Social network, such as Facebook or Twitter, are an important factor in the communication between individuals of the so called digital natives generation. More and more often, they are used to exchange short bursts of thoughts are comments as a means of staying connected with each other.
The instant communication enabled by those social networks has however created a form of peer-group pressure to constantly check for updates. For example, has an informal get-together been announced or has somebody requested to become your friend? This emerging pressure can make people return to the computer more often than they want. This is why we find our colleagues regularly looking for new status updates in meetings, or on our parties we see it more often that our friends cannot resist to check their Facebook account.
One solution to this is notifying users when something important happened. Mobile phones as personal, ubiquitous, and always connected devices lend themselves as platform, as they are carried with the user most of the time. This, it is no surprise that our phone now not only notify about incoming short messages, but do the same for Twitter @mentions, Facebook message, or friend requests. However, these notifications may go unnoticed, too. Thus, instead of checking our Facebook & Twitter account, we keep looking at our mobile phone for notification items.
With AmbiTweet, we investigate conveying social network statuses by ambient displays. We use a live wallpaper showing a beautiful blue water.The wallpaper can be connected with a Twitter account and visualizes the level of activity in an ambient way. The higher the level of activity on this Twitter account, the brighter and the more busy the water becomes. This can be perceived even in the periphery of the field of vision. Thus, users can become aware of important activity without the need to focus the eyes on the phone.
Ambient displays, in general, have the advantage that they convey information in a continuous but unobtrusive way. They exploit the fact that the brain can process information pre-attentive, i.e. without generating apparent cognitive load. AmbiTweet therefore allows concentrating on a primary task while remaining aware of the level of activity on a social network account.
Last week, in a staff meeting of my research institute, a discussion on the use of Web 2.0 technology came up. Reflecting on the discussions, I realized that actually the typical IT infrastructure we find in companies today has fallen years behind what we use in everyday life.
Today’s practices in companies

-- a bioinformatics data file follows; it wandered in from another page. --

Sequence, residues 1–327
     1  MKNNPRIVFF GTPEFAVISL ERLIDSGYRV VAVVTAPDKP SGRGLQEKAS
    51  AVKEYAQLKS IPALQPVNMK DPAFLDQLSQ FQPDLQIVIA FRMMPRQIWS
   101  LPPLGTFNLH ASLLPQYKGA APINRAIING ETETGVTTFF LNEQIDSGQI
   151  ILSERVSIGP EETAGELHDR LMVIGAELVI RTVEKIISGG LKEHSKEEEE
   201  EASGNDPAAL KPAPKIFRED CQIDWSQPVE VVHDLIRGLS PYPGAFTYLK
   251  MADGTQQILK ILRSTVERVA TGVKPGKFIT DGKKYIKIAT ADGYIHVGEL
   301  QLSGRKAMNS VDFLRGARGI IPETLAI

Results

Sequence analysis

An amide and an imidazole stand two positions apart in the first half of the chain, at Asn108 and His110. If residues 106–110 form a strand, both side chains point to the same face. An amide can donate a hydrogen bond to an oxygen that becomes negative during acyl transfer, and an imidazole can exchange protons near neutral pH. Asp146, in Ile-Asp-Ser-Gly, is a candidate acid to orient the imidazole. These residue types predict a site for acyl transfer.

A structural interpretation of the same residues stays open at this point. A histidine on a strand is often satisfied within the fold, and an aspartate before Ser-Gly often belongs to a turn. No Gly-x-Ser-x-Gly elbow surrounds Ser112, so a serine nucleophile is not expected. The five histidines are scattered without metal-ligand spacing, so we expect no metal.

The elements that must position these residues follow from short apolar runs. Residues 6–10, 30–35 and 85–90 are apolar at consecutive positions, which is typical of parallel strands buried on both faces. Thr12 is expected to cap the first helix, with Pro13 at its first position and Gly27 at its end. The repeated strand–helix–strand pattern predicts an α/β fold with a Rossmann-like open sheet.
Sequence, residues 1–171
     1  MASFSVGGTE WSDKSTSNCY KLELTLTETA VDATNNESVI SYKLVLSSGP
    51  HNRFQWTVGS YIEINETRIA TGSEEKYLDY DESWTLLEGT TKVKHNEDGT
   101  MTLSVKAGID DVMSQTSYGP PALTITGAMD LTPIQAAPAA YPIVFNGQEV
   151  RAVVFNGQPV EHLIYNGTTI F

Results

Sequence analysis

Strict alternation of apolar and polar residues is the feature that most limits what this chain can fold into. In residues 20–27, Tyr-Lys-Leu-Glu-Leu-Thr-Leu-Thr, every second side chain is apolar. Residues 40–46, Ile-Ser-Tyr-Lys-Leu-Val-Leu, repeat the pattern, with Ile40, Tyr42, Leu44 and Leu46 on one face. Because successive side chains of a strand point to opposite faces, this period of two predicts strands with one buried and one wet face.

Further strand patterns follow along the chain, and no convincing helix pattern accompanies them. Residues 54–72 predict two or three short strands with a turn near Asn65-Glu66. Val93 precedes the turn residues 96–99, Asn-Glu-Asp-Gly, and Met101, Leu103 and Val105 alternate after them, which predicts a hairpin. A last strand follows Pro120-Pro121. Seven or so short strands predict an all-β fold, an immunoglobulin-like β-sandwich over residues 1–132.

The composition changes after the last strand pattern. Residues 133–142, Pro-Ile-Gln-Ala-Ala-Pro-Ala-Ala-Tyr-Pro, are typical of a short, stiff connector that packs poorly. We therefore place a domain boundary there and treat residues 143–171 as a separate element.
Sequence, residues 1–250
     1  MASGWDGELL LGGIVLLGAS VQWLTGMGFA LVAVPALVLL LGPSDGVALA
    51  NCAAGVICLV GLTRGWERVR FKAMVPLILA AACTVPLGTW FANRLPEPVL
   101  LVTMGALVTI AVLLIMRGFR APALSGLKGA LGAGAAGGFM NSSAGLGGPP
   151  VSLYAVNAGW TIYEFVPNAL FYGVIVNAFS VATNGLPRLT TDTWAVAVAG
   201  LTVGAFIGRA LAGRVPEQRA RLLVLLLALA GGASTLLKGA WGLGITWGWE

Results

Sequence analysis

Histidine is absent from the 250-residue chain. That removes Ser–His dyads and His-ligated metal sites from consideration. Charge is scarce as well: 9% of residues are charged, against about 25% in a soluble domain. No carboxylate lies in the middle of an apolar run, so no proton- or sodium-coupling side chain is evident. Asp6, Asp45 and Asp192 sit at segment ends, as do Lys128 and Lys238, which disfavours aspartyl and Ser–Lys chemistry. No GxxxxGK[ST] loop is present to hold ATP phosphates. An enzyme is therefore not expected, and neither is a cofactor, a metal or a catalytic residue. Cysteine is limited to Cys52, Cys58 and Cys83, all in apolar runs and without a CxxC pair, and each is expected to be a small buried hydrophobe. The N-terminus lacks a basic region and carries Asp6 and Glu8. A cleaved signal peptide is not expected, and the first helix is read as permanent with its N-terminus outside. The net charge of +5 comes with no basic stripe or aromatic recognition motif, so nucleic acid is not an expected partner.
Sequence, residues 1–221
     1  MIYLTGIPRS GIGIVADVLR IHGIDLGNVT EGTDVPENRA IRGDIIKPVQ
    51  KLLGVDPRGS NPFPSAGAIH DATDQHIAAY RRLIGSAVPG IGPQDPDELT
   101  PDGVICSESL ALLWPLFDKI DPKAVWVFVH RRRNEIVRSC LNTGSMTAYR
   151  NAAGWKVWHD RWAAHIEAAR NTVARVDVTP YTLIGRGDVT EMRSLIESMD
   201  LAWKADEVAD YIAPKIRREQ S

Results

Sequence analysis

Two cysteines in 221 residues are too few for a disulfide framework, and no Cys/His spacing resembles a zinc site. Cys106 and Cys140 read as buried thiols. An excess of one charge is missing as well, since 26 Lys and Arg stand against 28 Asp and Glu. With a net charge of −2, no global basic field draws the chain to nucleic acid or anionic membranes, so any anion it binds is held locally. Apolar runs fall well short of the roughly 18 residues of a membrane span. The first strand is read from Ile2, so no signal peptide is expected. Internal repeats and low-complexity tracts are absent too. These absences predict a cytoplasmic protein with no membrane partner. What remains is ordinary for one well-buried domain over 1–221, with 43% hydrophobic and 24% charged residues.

In enterprises a huge part of the work is to share information and thoughts, and to store and share documents. But what are the practices today?
- To share information with the collages there are two ways: either writing a mail to the “everyone” list (don’t you dare!) or submitting it for the newsletter (how many people may actually take the time to read all of it?).
- To share documents the most common practice in all projects I have witnessed so far is attaching them to a mail. This is a lot of fun, in particular if you have a tight quota and need to clear the inbox regularly. Within the company, documents can be stored and shared by putting them onto a server that is accessed as a network drive. To be able to find documents later an elaborate set of rules and directory templates has been created, which – in theory – tell you where to store your document.
Today’s practices on the internet
But if we take a look at the tools we use every day on the internet I wonder if we are not wasting a huge potential here
- Google allows me to search the biggest pile of data mankind has ever created (Internet!) in the blink of an eye. But I cannot index my institute’s document server with Google Desktop, because the search index will be stored on Google server
- Twitter and Facebook allow me to easily share information with others. But I cannot just use Facebook or Twitter to post a rant about something stupid in my company, because it may negatively affect the employer’s image
- Dropbox helps me accessing documents from different computers and sharing them with others. I cannot just store a document in a shared Dropbox folder to provide my team with instant read/write access to it, since it may involve storing sensitive material on an external server
So, what tools are out there that can replace Google, Twitter, Facebook, and Dropbox but at the same time respect the companies’ need for privacy and security? How would it affect work if such tools were in place in the intranet already?